The other primary benefit of virtualisation is its high level of flexibility. It is far more convenient to have infrastructure composed of virtual machines rather than as physical ones. For example, if an organisation wants to upgrade its hardware, the administrator can easily move the virtual server to the newer, better physical system, which will increase performance and reduce costs. Before virtual servers, administrators needed to install the new server, then reinstall and migrate all the data stored on the old server. It tends to be simpler to move a virtual machine than a physical one.
The proliferation of virtualisation
Not every data centre has the need or the desire for virtualisation. But data centres with a significant amount of servers − somewhere around 20 or more − are beginning to think about converting their servers into virtual machines. These organisations can reap substantial levels of cost savings and flexibility benefits described earlier. Furthermore, virtualising one’s servers makes them much easier to manage. Maintaining a sizable number of servers can be quite difficult for data centre staff; however, virtualisation makes data centre management much easier by allowing administrators to manage the same number of servers on fewer physical machines.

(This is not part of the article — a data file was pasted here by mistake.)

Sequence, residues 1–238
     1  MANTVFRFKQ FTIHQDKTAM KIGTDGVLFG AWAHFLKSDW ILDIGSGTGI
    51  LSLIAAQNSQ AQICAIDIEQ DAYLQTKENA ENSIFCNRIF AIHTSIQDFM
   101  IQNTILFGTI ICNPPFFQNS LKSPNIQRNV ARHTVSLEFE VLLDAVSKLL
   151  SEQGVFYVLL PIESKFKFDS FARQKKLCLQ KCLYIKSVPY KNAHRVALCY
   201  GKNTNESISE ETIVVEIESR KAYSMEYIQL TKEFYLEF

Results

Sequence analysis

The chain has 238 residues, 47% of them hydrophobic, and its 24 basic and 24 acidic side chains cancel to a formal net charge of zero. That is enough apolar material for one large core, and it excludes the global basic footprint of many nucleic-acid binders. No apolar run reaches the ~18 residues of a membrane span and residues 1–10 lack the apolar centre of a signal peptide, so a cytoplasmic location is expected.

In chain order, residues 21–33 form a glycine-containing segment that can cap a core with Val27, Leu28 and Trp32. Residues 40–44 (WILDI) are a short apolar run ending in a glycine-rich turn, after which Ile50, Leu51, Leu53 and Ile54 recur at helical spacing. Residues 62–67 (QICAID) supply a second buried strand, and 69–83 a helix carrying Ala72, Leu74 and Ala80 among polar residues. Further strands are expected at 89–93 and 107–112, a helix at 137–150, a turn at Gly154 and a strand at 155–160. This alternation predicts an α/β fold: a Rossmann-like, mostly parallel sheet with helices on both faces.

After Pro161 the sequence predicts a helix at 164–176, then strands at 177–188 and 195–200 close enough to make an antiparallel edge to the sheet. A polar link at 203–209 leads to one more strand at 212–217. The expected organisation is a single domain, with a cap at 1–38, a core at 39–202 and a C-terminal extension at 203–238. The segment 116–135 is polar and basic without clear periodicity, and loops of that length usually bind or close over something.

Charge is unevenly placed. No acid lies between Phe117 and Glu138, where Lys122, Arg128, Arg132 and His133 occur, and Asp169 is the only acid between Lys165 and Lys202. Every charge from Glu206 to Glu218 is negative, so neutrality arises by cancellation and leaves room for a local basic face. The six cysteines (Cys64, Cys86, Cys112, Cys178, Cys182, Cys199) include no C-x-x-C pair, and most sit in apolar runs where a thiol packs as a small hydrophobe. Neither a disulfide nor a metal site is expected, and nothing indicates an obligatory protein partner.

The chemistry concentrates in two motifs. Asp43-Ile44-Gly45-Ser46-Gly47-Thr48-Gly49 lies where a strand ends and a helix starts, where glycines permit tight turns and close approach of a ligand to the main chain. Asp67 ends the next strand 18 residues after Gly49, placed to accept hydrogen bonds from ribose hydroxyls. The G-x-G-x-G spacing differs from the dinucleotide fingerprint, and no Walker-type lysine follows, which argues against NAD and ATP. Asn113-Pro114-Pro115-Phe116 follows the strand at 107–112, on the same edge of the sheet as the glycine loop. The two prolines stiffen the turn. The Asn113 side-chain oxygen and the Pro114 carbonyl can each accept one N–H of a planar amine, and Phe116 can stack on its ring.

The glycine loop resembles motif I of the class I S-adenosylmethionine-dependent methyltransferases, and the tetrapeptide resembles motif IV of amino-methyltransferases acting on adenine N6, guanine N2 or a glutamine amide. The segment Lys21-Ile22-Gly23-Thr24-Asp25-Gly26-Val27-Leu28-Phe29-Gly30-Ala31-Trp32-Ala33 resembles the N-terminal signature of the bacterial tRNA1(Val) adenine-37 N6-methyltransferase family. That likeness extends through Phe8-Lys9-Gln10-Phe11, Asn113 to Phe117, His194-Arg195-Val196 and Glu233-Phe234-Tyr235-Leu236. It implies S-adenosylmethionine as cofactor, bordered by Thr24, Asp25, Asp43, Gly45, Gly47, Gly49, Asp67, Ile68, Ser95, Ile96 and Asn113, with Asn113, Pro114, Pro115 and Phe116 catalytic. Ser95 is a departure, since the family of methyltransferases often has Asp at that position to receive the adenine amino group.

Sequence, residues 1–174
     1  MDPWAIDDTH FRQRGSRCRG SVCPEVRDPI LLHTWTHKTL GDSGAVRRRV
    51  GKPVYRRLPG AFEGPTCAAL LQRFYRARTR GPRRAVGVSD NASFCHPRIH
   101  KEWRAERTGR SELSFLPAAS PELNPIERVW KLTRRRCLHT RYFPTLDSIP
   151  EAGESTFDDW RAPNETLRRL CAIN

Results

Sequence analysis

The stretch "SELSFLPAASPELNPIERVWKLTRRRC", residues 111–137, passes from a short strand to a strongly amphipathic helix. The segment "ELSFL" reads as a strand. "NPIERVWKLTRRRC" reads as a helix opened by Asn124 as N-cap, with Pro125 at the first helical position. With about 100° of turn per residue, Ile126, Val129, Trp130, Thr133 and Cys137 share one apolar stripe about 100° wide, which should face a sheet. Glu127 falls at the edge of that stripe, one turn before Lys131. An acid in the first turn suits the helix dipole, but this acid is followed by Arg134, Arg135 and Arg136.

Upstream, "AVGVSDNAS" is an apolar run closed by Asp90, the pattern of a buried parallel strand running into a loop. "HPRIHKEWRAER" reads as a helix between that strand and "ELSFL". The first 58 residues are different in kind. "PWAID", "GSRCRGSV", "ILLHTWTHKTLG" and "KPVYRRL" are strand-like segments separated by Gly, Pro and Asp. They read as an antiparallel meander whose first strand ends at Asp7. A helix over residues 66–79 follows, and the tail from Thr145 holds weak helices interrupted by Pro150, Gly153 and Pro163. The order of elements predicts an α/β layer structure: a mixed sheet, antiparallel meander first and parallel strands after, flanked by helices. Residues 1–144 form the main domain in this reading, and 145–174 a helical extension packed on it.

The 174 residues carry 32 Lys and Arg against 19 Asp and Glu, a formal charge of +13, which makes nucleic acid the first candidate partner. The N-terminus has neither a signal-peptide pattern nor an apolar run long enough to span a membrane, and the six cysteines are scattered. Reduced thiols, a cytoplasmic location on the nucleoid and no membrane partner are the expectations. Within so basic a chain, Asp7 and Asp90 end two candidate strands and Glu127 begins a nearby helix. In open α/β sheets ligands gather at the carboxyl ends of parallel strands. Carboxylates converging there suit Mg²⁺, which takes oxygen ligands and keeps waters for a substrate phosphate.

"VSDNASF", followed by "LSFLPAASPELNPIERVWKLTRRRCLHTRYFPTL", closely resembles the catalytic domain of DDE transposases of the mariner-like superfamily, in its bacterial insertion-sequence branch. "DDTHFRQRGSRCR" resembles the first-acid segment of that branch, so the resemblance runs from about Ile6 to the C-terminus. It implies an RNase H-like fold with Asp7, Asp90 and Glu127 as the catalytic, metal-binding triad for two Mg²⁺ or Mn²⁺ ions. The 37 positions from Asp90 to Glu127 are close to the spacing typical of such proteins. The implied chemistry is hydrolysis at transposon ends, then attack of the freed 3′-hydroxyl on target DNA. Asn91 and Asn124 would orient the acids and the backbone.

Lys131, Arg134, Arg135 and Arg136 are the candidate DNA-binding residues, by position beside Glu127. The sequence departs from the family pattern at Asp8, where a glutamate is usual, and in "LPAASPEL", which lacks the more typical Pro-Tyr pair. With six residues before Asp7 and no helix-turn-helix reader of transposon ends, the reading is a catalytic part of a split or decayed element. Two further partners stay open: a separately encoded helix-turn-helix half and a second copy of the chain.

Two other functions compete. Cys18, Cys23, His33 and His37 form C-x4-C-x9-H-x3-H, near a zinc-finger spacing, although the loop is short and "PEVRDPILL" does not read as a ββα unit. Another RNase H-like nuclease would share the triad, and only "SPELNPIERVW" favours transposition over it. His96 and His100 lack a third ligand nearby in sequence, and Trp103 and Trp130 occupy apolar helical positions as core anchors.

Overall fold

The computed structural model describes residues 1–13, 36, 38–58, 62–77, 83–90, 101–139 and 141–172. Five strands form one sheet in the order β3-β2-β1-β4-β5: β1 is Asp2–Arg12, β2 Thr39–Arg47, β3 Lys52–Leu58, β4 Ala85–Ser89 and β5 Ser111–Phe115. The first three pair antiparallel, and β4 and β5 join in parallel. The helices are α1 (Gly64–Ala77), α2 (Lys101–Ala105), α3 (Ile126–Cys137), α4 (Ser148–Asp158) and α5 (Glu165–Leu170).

Despite all the benefits of virtualisation, the trend towards increased implementation of virtual servers is placing more and more stress on typical data centre infrastructure and storage devices.
The impact on storage